In summary, the results from this work suggest that decarbonisation of electricity supply to meet the 2050 carbon targets would lead to a reduction in the majority of the life cycle impacts by 2070. There are two exceptions to this. First is depletion of elements which would increase by 4-145 times on today's value. The second exception is health impact from radiation which would increase four-fold if nuclear power is used and electricity demand grows strongly; even if growth in demand is reduced, it would still rise two-fold. Furthermore, ozone layer depletion would also increase beyond the current value in the short-term (2020) across all the scenarios, by between 2.5-3.7 times. The results also reveal that, if energy demand continued to grow (as in C), three other impacts would also increase over their current values by 2070 while trying to meet the carbon targets: human toxicity (up to two times), photochemical smog (by 12%) and terrestrial eco-toxicity (2.3 times). These findings illustrate yet again the importance of prioritising measures for demand reduction to avoid meeting climate change targets at the expense of other environmental impacts.

The problems associated with high demand also have serious repercussions for the oft-recurring suggestion to electrify heating and transport, which would inevitably lead to a great increase in electricity demand. The whole-system effects of such a shift need to be considered and, therefore, future work would need to compare a complete provision of services under different paradigms: i.e. the entire current system (electricity, heating and transport) must be compared to a fully electrified system in order to investigate the tradeoffs fairly. There may be benefits, for instance, in reduced urban air pollution owing to electrified transport; conversely, the use of electricity for heating is likely to result in much higher system-wide depletion of resources than the current gas-dominated heating system. These and other complex causal sequences should be taken into account.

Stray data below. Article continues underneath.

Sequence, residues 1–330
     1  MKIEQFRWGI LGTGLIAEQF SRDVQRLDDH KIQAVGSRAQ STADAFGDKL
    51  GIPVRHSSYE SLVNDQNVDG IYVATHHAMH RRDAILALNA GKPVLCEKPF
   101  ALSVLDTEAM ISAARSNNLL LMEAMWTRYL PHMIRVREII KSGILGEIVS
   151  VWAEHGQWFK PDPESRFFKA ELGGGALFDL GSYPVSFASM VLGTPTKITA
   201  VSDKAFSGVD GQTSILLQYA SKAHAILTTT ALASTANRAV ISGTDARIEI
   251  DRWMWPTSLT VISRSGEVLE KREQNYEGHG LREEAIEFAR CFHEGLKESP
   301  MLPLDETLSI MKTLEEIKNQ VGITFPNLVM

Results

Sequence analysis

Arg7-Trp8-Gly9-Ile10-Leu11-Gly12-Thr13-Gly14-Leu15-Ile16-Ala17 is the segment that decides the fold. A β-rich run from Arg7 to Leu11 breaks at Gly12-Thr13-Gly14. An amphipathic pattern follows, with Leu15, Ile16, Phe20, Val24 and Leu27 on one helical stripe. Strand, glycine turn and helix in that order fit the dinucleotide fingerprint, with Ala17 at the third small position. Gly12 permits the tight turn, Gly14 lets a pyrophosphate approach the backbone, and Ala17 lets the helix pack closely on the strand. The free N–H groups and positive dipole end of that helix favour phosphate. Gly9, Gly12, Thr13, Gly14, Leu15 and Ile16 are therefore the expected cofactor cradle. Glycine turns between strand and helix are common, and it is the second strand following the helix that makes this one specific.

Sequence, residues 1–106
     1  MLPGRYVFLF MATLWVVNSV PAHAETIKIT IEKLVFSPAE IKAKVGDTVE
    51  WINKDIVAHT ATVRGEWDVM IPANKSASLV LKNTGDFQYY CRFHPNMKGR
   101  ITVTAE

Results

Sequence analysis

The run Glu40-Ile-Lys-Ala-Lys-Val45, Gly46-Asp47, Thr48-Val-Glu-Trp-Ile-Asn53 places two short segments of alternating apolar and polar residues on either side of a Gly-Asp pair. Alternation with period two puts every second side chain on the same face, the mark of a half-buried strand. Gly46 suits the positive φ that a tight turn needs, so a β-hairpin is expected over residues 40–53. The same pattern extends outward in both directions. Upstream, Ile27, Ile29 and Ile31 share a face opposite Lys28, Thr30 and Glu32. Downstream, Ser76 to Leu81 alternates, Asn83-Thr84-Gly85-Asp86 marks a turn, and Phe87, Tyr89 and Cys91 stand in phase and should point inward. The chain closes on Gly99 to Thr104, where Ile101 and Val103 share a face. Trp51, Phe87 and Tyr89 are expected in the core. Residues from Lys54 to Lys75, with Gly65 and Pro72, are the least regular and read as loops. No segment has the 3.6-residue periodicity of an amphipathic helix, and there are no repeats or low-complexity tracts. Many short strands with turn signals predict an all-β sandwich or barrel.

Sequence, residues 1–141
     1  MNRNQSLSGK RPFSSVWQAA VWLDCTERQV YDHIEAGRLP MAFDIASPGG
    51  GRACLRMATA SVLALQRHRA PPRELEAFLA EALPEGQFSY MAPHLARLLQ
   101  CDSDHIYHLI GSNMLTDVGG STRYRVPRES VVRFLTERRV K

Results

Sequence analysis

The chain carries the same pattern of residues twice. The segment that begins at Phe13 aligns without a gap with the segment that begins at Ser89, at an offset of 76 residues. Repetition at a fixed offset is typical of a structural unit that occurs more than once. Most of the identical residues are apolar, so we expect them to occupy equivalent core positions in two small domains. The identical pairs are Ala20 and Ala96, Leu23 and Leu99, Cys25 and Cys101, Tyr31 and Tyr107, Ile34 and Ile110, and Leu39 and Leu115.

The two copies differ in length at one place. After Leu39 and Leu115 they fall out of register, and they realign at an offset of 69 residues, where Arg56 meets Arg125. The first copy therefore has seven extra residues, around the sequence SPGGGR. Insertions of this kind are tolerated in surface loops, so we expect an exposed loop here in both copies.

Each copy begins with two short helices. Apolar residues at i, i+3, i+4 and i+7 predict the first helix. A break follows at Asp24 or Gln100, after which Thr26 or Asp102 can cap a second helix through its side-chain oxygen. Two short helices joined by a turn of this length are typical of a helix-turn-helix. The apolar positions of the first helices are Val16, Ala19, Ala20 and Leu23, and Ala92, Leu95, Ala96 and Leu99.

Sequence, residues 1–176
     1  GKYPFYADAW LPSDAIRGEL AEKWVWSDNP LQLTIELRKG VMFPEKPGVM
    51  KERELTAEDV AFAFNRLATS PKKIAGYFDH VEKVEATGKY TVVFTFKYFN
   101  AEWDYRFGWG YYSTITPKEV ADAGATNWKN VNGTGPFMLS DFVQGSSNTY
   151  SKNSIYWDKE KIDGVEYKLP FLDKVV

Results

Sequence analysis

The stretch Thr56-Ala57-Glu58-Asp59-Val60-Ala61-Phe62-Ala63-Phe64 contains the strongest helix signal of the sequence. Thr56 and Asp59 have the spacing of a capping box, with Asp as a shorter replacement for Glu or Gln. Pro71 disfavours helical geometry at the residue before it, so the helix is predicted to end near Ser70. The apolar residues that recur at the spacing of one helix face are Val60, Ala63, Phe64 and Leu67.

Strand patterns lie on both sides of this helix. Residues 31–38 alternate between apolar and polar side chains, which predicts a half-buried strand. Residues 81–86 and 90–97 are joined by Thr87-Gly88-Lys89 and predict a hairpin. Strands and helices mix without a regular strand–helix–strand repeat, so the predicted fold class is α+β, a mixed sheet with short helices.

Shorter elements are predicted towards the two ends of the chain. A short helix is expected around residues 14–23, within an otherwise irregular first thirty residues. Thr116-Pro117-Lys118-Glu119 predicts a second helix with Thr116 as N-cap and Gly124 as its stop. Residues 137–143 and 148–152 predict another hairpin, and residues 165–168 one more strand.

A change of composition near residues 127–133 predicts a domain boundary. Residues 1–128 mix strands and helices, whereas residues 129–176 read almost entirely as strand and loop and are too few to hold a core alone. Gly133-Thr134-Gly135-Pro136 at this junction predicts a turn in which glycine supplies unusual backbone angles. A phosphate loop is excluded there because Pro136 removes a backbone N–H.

Similarly, infrastructure and energy storage are examples of other system-level parameters requiring consideration.

Scenarios with higher penetration of inflexible technologies such as wind, PV and nuclear will require energy storage technologies and this will increase the impacts of the system as a whole. Scenarios that will be most affected by this include B-3, B-4 and all the C scenarios. As discussed in Section 2.3, this is beyond the remit of this paper and requires further study.

The results also beg the question of how important each impact is in absolute terms: for instance, would a doubling of terrestrial eco-toxicity breach some ecological limit or is it of little importance? This could be quantified by normalising the results to the world or regional impacts. However, this is problematic because of the many assumptions that would be required for normalisation of impacts so far out in the future when it is not known what they will be either globally or regionally. Further work in this area may prove useful to fully contextualise findings from this and other similar studies.

Future work should also include the economic and social implications of the scenarios as well as development of more robust LCA databases for future energy technologies. Moreover, further research is needed into the ability of electricity grid systems to incorporate less dispatchable generation capacity (such as wind, solar and nuclear) simultaneously. The latter is critical to ensuring that impacts are captured at the systems level, commensurate with the systems approach that is so fundamental to LCA.


This work was carried out as part of the SPRIng project, aimed at developing a decision-support framework for assessing the sustainability of nuclear power, led by the University of Manchester and carried out in collaboration with City and Southampton Universities. The authors acknowledge gratefully the Engineering and Physical Sciences Research Council (EPSRC) and the Economic and Social Research Council (ESRC) for supporting this work financially (Grant no. EP/F001444/1).

Appendix A. Supplementary data

Supplementary material related to this article can be found online at